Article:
Show us the WS-* success stories, show us the secure, reliable and truly RESTifarian success stories, and let the world judge from the evidence.
to which I responded;
Mike – empirical evidence is wonderful to have of course, but it’s also extraordinarily costly to come by. It’s also unnecessary, since we’ve had at our disposal for years (since Perry & Wolf’s “Foundations” paper in the early 90s) a method of evaluating software architectural styles for their suitability for any particular task in any particular environment. Applying that method to SOA/WS tells us a number things, most importantly that it doesn’t scale across trust boundaries (which I’ve been saying for many years, and folks now seem to be acknowledging viz a viz WS use behind the firewall). That same method also tells us which other styles do (ones that adopt interface constraints, of which REST is just one example). This whole debate is not much more complicated than that.
I just thought that worth replicating here. Of course, that extraordinary cost I referred to has already been born out over the past few years by Web services ISVs, their customers, and others, so there should be an abundance of evidence for Mike.
As if on queue, the Zapthink guys release a report which shows that they’ve been paying attention;
Since the Web plays such a large role for SMBs in their use of Web Services, it makes sense that many of them use the cheapest, simplest approach available for implementing B2B Web Services interactions. Using approaches such as Representational State Transfer (REST) gives companies a simple, straightforward HTTP-based approach to Web Services-based integration that is adequate for the needs of many SMBs.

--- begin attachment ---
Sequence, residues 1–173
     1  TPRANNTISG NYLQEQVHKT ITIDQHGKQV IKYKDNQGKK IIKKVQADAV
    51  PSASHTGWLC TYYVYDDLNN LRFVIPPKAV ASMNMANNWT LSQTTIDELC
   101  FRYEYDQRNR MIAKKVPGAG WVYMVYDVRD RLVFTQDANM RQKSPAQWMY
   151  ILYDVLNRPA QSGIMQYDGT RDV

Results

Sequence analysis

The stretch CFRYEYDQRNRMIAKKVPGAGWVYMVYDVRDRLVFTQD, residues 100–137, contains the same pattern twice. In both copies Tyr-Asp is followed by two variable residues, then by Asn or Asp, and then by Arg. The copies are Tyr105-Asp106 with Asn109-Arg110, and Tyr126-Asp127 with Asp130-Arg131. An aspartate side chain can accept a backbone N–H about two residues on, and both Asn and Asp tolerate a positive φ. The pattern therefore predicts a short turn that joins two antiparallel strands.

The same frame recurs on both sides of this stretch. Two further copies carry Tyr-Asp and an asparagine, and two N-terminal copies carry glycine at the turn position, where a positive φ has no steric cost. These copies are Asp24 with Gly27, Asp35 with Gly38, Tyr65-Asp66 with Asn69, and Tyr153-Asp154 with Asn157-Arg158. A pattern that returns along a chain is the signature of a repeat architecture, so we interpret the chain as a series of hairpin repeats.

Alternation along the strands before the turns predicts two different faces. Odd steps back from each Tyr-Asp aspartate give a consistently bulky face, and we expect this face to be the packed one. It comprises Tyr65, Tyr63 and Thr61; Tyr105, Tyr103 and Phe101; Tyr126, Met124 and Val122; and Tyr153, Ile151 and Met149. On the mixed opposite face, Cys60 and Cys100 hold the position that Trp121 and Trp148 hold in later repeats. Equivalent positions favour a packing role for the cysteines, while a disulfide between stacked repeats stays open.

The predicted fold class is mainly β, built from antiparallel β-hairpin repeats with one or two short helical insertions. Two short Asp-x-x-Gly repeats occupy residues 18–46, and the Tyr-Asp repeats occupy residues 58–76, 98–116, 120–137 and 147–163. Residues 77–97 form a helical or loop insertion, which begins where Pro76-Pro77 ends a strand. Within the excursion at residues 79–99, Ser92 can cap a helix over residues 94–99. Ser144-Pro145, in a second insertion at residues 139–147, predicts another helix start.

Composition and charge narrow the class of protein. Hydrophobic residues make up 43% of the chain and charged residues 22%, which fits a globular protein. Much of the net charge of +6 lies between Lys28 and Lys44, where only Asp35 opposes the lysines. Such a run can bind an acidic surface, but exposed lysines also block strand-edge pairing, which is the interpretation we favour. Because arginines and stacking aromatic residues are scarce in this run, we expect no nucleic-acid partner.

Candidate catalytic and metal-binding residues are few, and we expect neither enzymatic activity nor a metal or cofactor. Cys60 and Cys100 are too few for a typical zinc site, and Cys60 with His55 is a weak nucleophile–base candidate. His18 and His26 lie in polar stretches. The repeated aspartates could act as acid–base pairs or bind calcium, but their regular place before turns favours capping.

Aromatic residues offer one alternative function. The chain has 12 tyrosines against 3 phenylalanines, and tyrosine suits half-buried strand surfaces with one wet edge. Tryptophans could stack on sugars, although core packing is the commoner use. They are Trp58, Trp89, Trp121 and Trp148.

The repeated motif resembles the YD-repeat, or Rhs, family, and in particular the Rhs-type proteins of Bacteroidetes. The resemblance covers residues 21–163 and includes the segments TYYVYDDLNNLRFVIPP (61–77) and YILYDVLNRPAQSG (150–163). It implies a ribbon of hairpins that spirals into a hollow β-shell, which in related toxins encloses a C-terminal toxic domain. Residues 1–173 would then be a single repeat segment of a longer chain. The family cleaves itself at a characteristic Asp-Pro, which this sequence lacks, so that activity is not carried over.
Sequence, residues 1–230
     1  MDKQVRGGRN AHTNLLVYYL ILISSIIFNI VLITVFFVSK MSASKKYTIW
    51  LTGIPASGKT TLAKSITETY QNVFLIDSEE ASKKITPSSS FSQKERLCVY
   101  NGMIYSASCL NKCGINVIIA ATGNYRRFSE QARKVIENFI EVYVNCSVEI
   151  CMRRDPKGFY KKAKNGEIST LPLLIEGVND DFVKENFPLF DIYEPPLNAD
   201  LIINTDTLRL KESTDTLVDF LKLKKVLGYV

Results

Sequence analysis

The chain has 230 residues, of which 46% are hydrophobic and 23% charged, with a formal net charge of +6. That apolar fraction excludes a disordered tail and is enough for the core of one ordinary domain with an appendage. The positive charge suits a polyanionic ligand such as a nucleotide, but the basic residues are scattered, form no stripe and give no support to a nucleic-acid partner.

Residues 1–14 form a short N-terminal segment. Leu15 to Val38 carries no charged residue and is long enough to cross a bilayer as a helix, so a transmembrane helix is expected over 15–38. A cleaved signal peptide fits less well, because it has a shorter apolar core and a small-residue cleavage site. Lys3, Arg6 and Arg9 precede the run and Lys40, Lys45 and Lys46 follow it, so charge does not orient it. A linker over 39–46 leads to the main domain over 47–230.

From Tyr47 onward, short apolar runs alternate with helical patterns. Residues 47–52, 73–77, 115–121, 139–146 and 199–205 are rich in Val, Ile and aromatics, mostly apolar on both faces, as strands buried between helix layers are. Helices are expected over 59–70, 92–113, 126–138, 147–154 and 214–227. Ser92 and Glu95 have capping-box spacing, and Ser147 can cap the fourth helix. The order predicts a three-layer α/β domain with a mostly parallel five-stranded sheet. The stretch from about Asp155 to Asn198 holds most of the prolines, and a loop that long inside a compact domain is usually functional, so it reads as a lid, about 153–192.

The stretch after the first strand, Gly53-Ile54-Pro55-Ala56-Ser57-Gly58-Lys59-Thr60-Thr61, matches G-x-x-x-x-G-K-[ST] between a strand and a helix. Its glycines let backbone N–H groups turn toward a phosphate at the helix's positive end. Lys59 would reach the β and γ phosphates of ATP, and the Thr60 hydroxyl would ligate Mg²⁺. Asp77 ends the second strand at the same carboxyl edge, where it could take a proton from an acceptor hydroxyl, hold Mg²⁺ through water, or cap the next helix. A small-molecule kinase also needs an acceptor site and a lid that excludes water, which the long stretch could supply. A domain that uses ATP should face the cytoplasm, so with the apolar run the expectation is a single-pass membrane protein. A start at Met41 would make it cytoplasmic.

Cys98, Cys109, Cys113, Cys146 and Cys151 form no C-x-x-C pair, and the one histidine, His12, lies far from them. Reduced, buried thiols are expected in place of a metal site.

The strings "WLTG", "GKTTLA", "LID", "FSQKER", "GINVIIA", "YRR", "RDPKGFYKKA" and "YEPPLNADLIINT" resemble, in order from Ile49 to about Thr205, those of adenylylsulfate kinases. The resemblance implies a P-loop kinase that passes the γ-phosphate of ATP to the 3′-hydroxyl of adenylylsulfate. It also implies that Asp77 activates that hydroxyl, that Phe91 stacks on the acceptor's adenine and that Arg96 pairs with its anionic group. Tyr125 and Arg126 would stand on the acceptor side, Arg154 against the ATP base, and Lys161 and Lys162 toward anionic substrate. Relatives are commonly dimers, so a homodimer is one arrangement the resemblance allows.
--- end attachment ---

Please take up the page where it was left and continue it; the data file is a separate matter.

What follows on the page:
Many SMBs have been leveraging Web Services to reduce the cost of older approaches to addressing their external integration needs. The simple addition of Web Services interfaces, however, typically remain as inflexible as the API approaches that came before. Only through the application of SOA can midsize firms build and leverage loosely coupled Web Services that are flexible enough to respond to ongoing change in the business environment.
I really like that second last sentence, where they’re saying, no, SOA does not encompass all forms of service. And though they don’t explicitly state what they do think SOA entails, it’s made clear that their interpretation of SOA does not include “the simple addition of Web Services interfaces”, which seems to mean that they include some sort of interface constraint.
Some of those snippets are taken somewhat out of context; as you’d expect, there’s a bit of the “SOAP is for heavy lifting” stuff in there too. But still, from these historically foaming-at-the-mouth WS/SOA types (kidding guys! 8-), some good stuff.
According to Rob Sayre, the REST vs SOA debate is over;
If you have Microsoft saying “well, the best approach is to make this elaborate infrastructure we’ve spent billions of dollars building out optional”, then the debate is over.
I noticed that in Don’s post, but figured he must have been trying to say something else. I mean, if the debate was over, somebody would have told me, right? 8-)
So would now be a good time to remind people that I’m looking for work?